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Kenya develops maritime security strategy to protect its waters

Plan will ensure country benefits from the huge potential that exists in the blue economy

In Summary
  • The ocean, he said, is key to Kenya’s ability to protect the welfare of the ecosystem.
  • PS said the blue economy will create major industries that will provide jobs for hundreds of thousands of Kenyans, both directly and indirectly.
EAC PS Kevit Desai at Whitesands Beach Hotel in Mombasa on Monday.
GOVERNMENT VIEW EAC PS Kevit Desai at Whitesands Beach Hotel in Mombasa on Monday.
Image: JOHN CHESOLI

Kenya is in the process of developing a maritime security strategy to secure its waters.

The strategy will ensure the country benefits from the huge potential of the blue economy.

In a three-day workshop that began on Monday in Mombasa and supported by the International Maritime Organisation, the government said it is in the process of ensuring it complies with all requirements of the delicate maritime sector.

Based on the IMO maritime security model, Kenya needs to first establish a National Maritime Security Committee that will ensure all agencies involved work together.

The committee will also help develop a National Maritime Risk Register that will identify threats and vulnerabilities, on which the National Maritime Security Strategy will be based.

“This workshop not only address what Kenya has identified as priority but also what the region has through the Djibouti Code of Conduct, of which Kenya is a key signatory out of the 20 signatory countries,” said Kiruja Micheni, who is the Djibouti Code of Conduct project manager under the IMO.

EAC PS Kevit Desai said the government’s focus is to ensure it builds further capacity and consolidate the country’s investment plans as far as its blue economy is concerned.

Kenya wants to improve its level of competitiveness in transport and logistics and serve the African continent through the EAC.

“This initiative promotes the necessary foundation with respect to an enabling security environment and maritime affairs,” Desai said.

The ocean, he said, is key to Kenya’s ability to protect the welfare of the ecosystem.

It also provides huge opportunities for maximising the vast potential of the maritime resource, the PS added.

He said the blue economy will create major industries that will provide jobs for hundreds of thousands of Kenyans, both directly and indirectly.

“All these require a higher level of security and community policing for it to be turned into reality.”

He said the government is keen to develop policies, legislations, regulations and standards that will promote the necessary investment and further infrastructural and capacity development.

The workshop, which ends on Wednesday, aims to develop a strategy that has input from key stakeholders and government ministries.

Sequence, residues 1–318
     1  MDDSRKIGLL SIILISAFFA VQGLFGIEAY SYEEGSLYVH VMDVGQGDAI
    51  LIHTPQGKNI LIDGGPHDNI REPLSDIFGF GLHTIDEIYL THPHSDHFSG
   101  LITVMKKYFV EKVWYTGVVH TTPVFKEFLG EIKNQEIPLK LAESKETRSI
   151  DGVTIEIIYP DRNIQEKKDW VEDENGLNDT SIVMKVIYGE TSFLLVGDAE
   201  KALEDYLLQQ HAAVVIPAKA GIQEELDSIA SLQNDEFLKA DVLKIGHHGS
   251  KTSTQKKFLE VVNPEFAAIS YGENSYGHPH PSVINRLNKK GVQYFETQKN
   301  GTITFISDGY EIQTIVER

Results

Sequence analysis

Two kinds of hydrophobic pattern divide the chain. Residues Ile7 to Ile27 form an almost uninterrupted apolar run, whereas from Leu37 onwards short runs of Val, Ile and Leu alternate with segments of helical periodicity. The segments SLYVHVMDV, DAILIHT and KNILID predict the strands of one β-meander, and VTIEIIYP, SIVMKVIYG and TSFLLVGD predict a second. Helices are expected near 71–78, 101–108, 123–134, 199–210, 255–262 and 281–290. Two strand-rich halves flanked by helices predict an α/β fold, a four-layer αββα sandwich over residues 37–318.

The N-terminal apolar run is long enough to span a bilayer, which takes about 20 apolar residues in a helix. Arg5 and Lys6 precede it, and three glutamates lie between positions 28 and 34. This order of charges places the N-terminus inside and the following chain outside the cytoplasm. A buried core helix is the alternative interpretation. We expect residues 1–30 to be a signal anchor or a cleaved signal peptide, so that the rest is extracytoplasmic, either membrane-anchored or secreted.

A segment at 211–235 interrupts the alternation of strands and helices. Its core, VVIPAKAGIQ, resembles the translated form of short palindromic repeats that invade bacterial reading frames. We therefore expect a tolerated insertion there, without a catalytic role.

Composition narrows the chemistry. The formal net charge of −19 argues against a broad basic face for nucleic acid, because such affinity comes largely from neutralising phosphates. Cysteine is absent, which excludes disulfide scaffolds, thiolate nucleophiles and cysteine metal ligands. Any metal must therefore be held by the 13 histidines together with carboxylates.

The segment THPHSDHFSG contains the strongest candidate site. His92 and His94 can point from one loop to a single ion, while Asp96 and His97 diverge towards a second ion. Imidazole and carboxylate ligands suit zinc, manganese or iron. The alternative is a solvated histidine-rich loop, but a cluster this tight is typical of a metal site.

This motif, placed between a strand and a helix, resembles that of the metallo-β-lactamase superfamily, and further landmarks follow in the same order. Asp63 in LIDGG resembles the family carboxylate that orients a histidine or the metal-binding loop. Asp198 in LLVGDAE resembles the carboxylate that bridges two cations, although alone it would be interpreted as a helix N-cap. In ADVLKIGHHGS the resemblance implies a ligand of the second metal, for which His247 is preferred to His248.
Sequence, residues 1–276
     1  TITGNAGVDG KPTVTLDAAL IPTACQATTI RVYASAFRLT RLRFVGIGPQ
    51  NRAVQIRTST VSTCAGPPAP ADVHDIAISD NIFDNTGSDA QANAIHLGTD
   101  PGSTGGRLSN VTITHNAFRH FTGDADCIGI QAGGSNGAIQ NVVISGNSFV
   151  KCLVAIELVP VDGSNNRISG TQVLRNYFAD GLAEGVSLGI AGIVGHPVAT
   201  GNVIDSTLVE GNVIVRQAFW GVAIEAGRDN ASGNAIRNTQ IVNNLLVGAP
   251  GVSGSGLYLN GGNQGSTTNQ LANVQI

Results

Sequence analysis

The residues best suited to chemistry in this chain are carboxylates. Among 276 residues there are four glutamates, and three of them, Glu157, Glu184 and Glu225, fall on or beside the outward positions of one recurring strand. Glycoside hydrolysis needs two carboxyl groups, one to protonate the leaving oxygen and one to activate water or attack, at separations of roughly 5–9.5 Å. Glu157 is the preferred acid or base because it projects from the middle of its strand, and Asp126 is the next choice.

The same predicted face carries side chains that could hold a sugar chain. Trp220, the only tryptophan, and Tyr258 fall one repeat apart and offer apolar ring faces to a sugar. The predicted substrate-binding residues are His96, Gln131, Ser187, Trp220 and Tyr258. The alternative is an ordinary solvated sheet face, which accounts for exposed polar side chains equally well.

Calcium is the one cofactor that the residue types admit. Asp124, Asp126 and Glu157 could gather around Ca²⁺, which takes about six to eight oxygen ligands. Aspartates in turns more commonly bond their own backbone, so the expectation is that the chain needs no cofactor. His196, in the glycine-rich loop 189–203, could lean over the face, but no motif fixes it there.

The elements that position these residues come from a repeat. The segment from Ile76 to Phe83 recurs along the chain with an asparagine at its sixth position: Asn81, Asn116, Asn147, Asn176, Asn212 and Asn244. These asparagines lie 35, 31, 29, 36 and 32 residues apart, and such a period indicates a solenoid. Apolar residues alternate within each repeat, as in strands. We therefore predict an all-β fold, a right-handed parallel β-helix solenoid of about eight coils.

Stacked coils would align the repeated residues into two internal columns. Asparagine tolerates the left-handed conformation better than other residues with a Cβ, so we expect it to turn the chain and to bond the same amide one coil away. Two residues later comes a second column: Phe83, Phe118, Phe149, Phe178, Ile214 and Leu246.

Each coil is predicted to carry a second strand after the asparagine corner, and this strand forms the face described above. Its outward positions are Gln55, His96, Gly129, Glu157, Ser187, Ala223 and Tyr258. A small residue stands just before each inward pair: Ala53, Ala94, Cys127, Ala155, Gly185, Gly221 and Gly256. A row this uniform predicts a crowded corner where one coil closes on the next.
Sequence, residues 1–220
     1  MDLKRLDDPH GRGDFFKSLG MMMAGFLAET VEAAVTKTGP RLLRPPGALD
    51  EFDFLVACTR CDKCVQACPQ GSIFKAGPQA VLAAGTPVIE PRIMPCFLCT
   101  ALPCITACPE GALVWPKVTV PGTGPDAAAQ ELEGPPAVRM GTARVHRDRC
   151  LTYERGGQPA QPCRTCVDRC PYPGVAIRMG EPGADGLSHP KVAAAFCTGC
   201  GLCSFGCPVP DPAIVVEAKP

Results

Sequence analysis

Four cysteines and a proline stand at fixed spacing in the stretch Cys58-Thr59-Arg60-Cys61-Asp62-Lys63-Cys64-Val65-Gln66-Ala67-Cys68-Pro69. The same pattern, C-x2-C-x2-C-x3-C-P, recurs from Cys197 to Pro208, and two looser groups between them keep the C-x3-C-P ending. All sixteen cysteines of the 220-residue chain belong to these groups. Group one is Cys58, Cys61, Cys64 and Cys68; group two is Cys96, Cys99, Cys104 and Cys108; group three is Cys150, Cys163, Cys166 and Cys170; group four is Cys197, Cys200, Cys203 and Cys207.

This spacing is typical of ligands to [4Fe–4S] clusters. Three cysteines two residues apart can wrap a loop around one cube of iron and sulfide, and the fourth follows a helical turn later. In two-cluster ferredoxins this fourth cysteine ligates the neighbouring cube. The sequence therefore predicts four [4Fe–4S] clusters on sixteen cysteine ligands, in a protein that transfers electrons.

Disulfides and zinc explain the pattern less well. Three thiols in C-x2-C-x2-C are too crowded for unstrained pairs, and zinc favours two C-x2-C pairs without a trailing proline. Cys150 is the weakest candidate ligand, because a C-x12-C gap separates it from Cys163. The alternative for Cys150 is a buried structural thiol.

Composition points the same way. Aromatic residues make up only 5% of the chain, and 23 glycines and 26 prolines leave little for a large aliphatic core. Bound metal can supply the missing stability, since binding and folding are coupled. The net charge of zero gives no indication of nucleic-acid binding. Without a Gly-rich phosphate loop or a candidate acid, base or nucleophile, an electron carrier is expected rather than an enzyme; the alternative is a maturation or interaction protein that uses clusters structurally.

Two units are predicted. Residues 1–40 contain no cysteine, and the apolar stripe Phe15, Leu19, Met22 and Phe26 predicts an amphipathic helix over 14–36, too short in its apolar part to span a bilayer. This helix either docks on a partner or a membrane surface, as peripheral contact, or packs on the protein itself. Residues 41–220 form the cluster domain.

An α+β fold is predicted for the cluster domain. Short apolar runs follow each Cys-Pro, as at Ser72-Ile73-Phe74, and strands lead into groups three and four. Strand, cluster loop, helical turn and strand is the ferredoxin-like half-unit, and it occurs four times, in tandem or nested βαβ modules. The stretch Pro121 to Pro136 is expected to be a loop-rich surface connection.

This will include a risk register that will measure the security performance of the maritime sector and also to open up further engagements with partners for future development.

President Uhuru Kenyatta, who is the current chairman of the EAC Summit, will be expected to promote necessary protocols and standards to help the region harness the maritime sector’s huge potential.

Micheni said the IMO is happy to partner with and support Kenya in developing her National Maritime Security Strategy.

He described Kenya as a leading regional player in the maritime sector, who has made great strides in developing a maritime economy.

“But you cannot have maritime development without security and therefore it is our view that agencies must work together in making this a reality,” he said.

Over the years, areas where gaps have been, have been identified.

“We are hoping the strategy, when working on the Maritime Risk Register, will identify the gaps and how to deal with them,” Micheni said.

These include cooperation among governments and protection of the maritime sectors in different countries from overexploitation of the maritime resources by foreign vessels, a problem that has been identified in Kenya as one of the major threats.

One of the gaps identified is Maritime Domain Awareness.

MDA is the effective understanding of anything associated with the global maritime domain that could impact the security, safety, economy, or environment of a country.

MDA is a key component of an active, layered maritime defence.

It is important for a country to know who the enemy is at the sea, the workshop heard.

“The committee will have to come up with a national plan to enhance MDA to address what is often referred to as seas blindness.

“Sometimes we might say there is illegal fishing out there, but are we constantly monitoring effectively our waters to know exactly what is happening out there and do we have the response capability?” posed Micheni.

 

 

-Edited by SKanyara

IMO's Kiruja Micheni at Whitesands Beach Hotel in Mombasa on Monday.
STRATEGIC IMO's Kiruja Micheni at Whitesands Beach Hotel in Mombasa on Monday.
Image: JOHN CHESOLI
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